Professional painters know from experience that the biggest part of a paint job is the preparation. You don’t just grab a bucket of paint and a roller and have at it. Take time to remove doors from their jambs before you start painting the walls and ceilings. Number or label the doors so you’ll know later where each one belongs.

Some drywall jobs create lots of dust that must be removed before you can paint. I use a vacuum cleaner to remove dust from the walls and ceilings, but a broom or a pole sander wrapped with a cotton cloth also works well. Take it easy, because topping compound is relatively soft and easily scratched. Pay special attention to dust in the corners. Remove any drywall mud or dust left in electrical outlets, and scrape up any globs of drywall compound

Apply the second and third coats

Drywall compound must be applied in sev­eral thin coats because thick applications tend to shrink and crack. Also, thin coats can be feathered or tapered very gradually so that they’re invisible (or nearly so) after the drywall surface is painted. Before applying the second coat, remove any lumps, high spots, or ridges of hardened compound left from the first coat. This can be done with a drywall knife or a pole sander. Be careful not to oversand, or you could damage the paper face of the drywall.

Apply topping compound over the dimples around the fasteners, just as you did with the first coat. Be even more careful as you level the compound, and use a 10-in. or 12-in. knife. Along seams, apply topping compound with a 5-in. knife, then use a 12-in. knife to remove the excess (see the top photo on p. 229). Again, take your time. The second coat should conceal the tape. Using a wider knife, feather the mud away from the center of the joints to make them harder to detect. This is especially important
at butt joints. It takes some practice to get this coat right. Go over the joints more than once, if necessary, pulling the knife with a steady, even pressure to leave a smooth surface.

The same can be done along inside corners, using a 5-in. knife to mud and smooth one side of the corner at a time. This takes some skill, because it’s difficult to keep the knife from marking the finished side as you mud the op­posite side. For this reason, some tapers like to use a different procedure. They apply mud on one edge at a time, smooth it, and then let it dry. Once one side of the corner is dry, they return and do the other side.

Before applying the third coat of compound, lightly sand the second coat. Hit the corners, dimples, and seams with a 120-grit screen on a sanding pole to remove any bumps, trowel marks, or ridges. The third coat should be little more than a light application of topping compound to hide any imperfections and feather the seams a bit wider. To make the topping compound easier to manipulate, thin it with a little water.

Apply the second and third coatsThe drywall in many houses, especially in the West and Southwest, is textured by using air to blow on a solution of drywall mud. [Photo by Don Charles Blom]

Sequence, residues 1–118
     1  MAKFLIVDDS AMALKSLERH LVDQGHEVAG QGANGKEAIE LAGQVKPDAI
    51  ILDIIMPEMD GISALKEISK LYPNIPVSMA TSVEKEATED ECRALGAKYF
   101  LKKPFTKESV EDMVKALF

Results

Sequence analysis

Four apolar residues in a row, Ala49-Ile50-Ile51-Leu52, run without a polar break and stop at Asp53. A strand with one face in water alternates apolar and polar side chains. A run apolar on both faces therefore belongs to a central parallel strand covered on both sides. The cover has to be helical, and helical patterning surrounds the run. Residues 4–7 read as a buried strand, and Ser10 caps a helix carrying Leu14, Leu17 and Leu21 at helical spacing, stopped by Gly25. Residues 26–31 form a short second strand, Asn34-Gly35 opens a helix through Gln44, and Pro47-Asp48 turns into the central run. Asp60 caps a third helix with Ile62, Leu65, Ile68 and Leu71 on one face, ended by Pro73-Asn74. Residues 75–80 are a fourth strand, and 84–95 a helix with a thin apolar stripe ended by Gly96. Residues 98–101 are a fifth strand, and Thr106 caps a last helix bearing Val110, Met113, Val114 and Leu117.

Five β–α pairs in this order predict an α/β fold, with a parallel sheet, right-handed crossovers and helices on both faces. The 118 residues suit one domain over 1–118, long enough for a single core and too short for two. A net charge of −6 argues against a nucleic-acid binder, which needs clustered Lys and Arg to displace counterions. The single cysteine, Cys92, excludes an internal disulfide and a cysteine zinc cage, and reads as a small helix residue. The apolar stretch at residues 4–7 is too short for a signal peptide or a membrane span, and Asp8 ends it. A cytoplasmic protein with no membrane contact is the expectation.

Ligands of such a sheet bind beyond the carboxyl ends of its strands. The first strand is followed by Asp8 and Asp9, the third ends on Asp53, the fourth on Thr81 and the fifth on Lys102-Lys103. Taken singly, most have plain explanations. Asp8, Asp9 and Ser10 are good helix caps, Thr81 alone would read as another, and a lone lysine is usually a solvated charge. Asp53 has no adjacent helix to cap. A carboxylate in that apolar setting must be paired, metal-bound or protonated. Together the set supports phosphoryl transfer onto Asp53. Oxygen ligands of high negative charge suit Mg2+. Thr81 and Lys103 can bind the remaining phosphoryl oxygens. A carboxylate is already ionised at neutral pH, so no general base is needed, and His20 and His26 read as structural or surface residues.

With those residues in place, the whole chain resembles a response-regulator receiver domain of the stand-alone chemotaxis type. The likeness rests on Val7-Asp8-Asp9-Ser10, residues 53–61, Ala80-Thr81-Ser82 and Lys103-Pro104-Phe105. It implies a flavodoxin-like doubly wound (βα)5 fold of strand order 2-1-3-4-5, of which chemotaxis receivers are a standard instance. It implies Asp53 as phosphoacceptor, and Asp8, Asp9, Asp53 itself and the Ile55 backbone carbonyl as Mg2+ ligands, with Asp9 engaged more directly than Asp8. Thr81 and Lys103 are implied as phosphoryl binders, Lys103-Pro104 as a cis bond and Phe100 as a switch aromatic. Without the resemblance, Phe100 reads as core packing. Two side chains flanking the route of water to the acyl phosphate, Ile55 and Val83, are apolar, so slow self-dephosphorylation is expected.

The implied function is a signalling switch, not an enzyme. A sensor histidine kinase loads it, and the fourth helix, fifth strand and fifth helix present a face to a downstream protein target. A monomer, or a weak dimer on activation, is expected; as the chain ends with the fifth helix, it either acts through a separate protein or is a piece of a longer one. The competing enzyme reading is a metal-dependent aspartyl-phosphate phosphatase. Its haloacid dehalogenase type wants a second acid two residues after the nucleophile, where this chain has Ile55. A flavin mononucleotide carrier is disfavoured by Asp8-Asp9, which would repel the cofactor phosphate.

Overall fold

Do the prep work

Before you start taping and mudding, make sure that all fasteners are below the surface of the drywall. You can do this by running your hand or a wide drywall knife over the fasten­ers in the walls and ceiling. If any fasteners are proud of the surface, they will show when you apply the first coat of mud.

You may need to do a bit of repair work around electrical-outlet boxes. If the fit around these boxes is sloppy, use a fast-setting (as op­posed to a slow-drying) joint compound that’s available at supply stores. Mix a batch and fill the gaps with a small putty knife. Place small pieces of drywall tape over the mud and apply a smooth coat on top of the tape.

If the gaps are quite narrow, use latex caulk to seal around them.

COMPOUND AND TAPE. Part of your preparation work is making sure you have the right supplies on hand. Joint compound is normally used as the bed for tape. If you’re new to drywall work, you’re better off buying
premixed joint compound that is ready to apply. Topping compound is applied over joint compound; it has a finer, creamier consistency so that it can be smoothed out nicely. It’s available in premixed and powdered forms. You’ll also need enough tape to cover all the joints between panels, including the inside corners. Buy about 400 ft. of tape for every 1,000 sq. ft. of drywall.

Mud the joints and corners

The long edges of drywall panels are tapered, allowing the seams between adjacent panels to be filled with joint compound and taped to cre­ate a level surface. Begin by using a 5-in. knife to apply mud about /4 in. thick along the entire seam. Roll out the tape from corner to corner, center it on the joint, press it lightly in place, and then pull it tight and straight.

Once the tape is in place, drag the knife over the top, applying enough pressure to embed the tape as you go (see the photo below). Make sure the tape is flat, wrinkle-free, and embedded in about /4 in. of mud. Be careful not to create

Подпись: Tape the seams. Apply joint compound along the seams between sheets, then lay drywall tape over the center of the joint. Use a 5-in. knife to embed the tape in the mud. Clean up as you IIP go. When left lying around, scrap pieces of drywall crumble eas­ily, making a paper and powder mess that can be tracked all over a job site. Avoid this by cleaning up drywall as you go. Stack usable pieces so they are easily accessible.


mud buildup in the corners. Clean any excess compound from along the edges of the tape with your knife.

Inside corners and wall-ceiling joints are taped a bit differently than flat joints in a ceiling or wall. Use a 4-in. or 5-in. knife to apply an l/S-in.- thick layer of joint compound on each edge of the corner. Next, fold the tape at the crease and press it into the corner, flattening it as you go. Working on one edge at a time, press the tape against the drywall and into the mud with the taping knife.